Well, you shouldn't take what I write personally nor should you give up trying to learn. There are classic sources of basic design and composition (titles of which escape me off hand). But the point I was trying to make is look, don't think. Too many photographers spend too much time thinking about stuff instead of working on instinct. Course, that does presuppose one has "instincts" :~)

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If there is any technique which helps organise the often numerous subjects, particularly within a landscape, whether to emphasise them, or more often, to highlight certain ones only, then I'm tempted to learn more.

There's a bunch already here at LuLa;
Photographic Composition Introduction by JP Caponigro

Introduction to Composition by Alain Briot

15 Thoughts on Composition by Alain Briot

In fact, just do a search of the LuLa site on the term "composition".

Lots of reading to do...but don't forget to also keep shooting! See, it doesn't need to hurt...
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Rob C
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« Reply #16 on: February 14, 2012, 01:01:52 PM »
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My shooting tends to follow a percentage success rate too (unfortunately very low..), and I agree deletion of those images that don't make an immediate connection is a good idea (certainly made easy and cheap by digital). If there is any technique which helps organise the often numerous subjects, particularly within a landscape, whether to emphasise them, or more often, to highlight certain ones only, then I'm tempted to learn more.
"Please sir, may I have more?"
Whack.

Ouch.



Dear Oliver,

Throwing away things that don't ring lunch bells at first glance is a huge error of judgement.

My cover/Home shot (website) and a further two body crops were made from a single Kodachrome that, at first glance and with the original purpose in mind, failed to make the grade. Fortunately for me, this was film, and not a huge problem to retain the slide in a sleeve along with others from the same little set. It's too damned easy to dump files; you never know what might come in useful nor when. I suspect this cavalier attitude to one's oeuvre is aided and abetted by the perceived cheapness of digital exposure.

Rob C



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Dohmnuill
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« Reply #17 on: February 14, 2012, 03:35:03 PM »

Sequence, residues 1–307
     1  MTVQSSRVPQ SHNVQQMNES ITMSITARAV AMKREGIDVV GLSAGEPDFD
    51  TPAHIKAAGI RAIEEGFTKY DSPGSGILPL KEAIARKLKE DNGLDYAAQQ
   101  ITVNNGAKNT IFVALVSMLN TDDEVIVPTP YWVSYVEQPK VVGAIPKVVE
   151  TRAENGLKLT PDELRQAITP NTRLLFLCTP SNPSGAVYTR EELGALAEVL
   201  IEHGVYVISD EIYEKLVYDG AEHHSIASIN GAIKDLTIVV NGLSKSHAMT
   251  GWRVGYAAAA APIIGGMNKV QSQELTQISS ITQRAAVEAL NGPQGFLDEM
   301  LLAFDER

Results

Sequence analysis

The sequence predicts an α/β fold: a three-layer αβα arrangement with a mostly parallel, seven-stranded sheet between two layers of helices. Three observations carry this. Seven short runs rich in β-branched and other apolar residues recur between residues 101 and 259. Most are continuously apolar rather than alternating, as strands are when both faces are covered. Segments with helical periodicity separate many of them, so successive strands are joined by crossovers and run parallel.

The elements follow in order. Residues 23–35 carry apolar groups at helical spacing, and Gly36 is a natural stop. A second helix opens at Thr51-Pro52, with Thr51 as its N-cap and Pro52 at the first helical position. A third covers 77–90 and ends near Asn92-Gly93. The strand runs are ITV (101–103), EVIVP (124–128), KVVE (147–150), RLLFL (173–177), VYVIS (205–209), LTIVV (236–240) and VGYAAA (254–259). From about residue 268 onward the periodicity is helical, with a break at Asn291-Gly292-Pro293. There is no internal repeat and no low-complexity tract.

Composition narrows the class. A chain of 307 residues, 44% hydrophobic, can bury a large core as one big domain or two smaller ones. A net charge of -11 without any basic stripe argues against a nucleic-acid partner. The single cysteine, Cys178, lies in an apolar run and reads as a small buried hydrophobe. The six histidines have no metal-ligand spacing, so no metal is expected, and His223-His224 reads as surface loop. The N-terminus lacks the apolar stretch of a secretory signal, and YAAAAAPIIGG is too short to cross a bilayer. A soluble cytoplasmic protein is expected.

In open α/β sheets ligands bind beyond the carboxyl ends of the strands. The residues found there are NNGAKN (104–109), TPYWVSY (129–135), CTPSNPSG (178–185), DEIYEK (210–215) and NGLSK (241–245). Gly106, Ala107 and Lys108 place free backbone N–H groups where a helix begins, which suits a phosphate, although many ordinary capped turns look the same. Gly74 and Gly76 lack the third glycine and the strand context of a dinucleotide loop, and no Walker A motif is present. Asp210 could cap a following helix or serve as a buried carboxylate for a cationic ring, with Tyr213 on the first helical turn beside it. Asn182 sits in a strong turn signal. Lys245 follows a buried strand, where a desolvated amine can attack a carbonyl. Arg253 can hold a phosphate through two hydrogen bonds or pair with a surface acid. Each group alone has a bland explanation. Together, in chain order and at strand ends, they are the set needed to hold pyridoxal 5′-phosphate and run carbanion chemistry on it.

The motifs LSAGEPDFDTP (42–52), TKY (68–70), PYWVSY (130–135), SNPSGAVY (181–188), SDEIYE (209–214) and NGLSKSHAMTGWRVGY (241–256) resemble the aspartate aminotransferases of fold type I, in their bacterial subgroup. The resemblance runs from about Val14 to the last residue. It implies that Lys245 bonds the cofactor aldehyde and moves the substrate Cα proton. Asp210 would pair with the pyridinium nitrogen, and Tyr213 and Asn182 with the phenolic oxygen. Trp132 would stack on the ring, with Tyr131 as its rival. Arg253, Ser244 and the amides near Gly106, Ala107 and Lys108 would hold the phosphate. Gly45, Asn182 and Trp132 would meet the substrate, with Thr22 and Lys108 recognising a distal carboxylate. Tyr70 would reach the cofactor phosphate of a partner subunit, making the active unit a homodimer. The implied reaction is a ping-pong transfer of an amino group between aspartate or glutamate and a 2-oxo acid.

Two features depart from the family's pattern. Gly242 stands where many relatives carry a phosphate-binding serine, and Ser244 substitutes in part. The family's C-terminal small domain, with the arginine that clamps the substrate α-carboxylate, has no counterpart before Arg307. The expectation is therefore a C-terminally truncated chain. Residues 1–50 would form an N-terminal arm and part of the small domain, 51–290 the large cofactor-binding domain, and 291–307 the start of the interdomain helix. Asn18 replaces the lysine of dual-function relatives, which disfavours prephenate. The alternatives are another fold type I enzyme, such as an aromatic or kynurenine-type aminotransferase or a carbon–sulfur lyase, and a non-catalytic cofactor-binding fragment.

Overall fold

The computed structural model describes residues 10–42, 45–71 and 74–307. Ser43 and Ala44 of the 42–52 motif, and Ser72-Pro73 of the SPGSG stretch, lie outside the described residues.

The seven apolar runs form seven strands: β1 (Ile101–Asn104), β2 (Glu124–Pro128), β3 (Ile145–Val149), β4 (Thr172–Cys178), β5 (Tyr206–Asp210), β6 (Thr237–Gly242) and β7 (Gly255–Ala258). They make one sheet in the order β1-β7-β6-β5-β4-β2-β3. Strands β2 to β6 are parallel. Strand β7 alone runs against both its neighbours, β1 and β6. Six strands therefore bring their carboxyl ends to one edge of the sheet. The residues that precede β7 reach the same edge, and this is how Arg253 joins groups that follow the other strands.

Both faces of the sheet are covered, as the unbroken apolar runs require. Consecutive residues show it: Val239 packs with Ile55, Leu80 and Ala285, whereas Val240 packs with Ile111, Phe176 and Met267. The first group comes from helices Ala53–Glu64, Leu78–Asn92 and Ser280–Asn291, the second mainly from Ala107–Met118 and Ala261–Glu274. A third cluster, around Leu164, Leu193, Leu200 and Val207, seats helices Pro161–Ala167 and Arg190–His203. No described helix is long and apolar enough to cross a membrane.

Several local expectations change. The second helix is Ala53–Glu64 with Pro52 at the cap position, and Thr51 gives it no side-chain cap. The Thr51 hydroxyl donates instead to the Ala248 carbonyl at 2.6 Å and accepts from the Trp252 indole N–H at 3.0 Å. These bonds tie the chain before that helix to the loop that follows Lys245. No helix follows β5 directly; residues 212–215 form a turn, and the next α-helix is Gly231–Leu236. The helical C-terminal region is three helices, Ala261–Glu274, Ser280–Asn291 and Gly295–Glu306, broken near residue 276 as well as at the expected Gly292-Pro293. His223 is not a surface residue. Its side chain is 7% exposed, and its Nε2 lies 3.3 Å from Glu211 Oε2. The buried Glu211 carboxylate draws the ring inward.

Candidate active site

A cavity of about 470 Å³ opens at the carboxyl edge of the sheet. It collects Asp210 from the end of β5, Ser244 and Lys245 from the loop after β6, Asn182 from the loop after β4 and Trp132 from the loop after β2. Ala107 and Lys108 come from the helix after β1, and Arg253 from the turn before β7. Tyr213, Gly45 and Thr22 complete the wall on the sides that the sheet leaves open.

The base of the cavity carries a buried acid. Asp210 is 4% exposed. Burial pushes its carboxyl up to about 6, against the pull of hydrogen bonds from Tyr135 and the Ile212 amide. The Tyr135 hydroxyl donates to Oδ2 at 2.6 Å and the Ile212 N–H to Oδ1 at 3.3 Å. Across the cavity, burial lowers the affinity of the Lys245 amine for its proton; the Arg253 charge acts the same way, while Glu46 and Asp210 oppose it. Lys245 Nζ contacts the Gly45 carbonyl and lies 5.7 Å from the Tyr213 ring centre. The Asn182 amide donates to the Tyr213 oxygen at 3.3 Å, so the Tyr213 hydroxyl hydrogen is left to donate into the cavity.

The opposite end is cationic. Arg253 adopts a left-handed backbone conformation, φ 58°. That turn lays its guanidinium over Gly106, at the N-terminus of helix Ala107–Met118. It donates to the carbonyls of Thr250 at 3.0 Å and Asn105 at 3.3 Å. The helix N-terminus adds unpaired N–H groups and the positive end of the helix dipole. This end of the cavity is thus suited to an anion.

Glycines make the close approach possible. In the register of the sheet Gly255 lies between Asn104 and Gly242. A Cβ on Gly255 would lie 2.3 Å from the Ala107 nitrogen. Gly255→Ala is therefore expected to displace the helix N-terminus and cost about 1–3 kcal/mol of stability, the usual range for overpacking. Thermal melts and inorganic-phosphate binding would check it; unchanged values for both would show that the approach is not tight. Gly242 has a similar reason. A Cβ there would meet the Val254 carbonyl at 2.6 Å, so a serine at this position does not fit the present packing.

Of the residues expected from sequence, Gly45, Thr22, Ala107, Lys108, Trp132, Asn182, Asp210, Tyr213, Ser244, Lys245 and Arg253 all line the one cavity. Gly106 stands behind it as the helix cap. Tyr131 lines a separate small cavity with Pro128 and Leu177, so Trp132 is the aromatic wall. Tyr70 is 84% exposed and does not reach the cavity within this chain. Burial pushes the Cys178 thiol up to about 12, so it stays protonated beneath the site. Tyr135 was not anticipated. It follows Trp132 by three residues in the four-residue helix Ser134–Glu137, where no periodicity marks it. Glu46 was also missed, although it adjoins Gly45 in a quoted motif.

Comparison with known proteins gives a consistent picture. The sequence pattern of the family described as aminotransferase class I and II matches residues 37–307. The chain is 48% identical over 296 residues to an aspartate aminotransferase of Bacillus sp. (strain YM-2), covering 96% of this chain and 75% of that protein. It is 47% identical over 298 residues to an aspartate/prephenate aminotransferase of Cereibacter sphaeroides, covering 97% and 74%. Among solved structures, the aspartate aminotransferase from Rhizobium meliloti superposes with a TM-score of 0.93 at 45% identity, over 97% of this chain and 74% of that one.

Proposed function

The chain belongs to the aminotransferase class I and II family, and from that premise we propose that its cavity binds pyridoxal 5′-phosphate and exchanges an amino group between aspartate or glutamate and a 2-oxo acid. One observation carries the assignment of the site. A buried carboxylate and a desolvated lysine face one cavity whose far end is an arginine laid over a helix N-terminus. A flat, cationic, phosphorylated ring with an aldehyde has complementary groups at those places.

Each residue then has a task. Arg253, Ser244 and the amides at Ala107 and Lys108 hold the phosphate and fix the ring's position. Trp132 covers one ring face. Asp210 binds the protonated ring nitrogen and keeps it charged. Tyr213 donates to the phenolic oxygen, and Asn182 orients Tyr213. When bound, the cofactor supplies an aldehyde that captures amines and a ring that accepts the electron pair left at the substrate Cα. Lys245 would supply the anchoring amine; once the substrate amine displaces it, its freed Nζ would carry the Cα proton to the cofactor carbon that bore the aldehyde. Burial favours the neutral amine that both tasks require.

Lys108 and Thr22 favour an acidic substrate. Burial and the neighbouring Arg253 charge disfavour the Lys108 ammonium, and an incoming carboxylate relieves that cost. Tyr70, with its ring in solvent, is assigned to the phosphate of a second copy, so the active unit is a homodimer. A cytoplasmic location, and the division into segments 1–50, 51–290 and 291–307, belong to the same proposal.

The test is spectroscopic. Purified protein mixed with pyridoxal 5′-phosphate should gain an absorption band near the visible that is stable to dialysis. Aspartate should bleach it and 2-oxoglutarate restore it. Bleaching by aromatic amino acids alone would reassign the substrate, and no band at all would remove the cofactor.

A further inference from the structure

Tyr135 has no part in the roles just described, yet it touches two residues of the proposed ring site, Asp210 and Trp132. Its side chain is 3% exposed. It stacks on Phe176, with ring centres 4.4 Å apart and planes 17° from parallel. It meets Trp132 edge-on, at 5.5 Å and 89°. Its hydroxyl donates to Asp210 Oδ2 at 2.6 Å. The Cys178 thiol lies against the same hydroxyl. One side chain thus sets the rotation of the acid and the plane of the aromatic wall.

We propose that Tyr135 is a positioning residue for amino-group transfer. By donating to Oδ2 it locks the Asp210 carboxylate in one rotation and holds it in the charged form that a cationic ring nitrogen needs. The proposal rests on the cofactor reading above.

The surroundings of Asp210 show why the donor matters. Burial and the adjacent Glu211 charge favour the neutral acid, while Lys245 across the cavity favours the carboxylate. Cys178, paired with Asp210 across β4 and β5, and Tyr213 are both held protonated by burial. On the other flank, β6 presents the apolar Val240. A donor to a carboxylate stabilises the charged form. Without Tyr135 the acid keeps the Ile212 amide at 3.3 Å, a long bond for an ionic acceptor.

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Dear Rob C (and definitely not Mr Beadle)),

You're right, of course.  Perhaps I should have added the ones I have examined at some length and have similar shots taken from the same viewpoint at the same time. Actually, it's quite hard to do because there's that thought one might be throwing away some "treasure".

At first look over the thumbnails from a folder, I tend to go for the ones that have obvious compositional and lighting appeal; thumbnails can aid that selection process by reducing the clutter.
However, like you, on second or third revisiting of files I have retrieved shots which don't look so hot as thumbnails but turn out to be very pleasing after all. Of course, a bit of Artful Dodging and burning in etc is required.

As I said in my second post, the % success rate is not high (by my standards anyway - maybe 2-5%). And as Mr Schewe espoused, it's not a bad idea to go for what innately looks good.

Back to the gruel,

Dohmnuill.

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Dohmnuill
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« Reply #18 on: February 14, 2012, 04:09:03 PM »
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Dear Mr Schewe,

Thank you for the references. I tend to read the main articles but should make much more use of other resources in this site.

Couldn't agree more about the value of keeping shooting; the lessons learned by trial and error are often the most powerful, and if a bit of luck comes along, so much the better. And one needs to be there for the luck. That practise obviously never "hurts".

The philosophical points (and I don't lose any sleep over it) between photography and painting are interesting nevertheless, as are all the techniques involved. Many are shared. As with painting, if there are little "tricks" which one can possibly harness with photography without spending hours (never happens)) agonising or applying them with a shot, I certainly use them. Some would argue the fait accompli aspect of photography - having to use what you are given -  makes painting a high-brow art and photography a middle-brow one. More semantics, I suspect.

Certainly nothing to take personally, and I promise to eat more gruel,

Dohmnuill (South Australia).
 



 
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jbgeach
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« Reply #19 on: March 05, 2012, 04:10:34 PM »
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Dohmnuil -
Sorry for the delayed response, but I have been otherwise occupied.

Most people read a picture like a book, starting from the left to the right. The eye does tend to naturally follow lines and the can help accentuate or hide other elements in the photo.

I am far from an expert in composition, however, I was just trying to put to paper what I was experiencing. Sometimes this is a difficult task, but someone else was asking and I came to the forum to complement the composition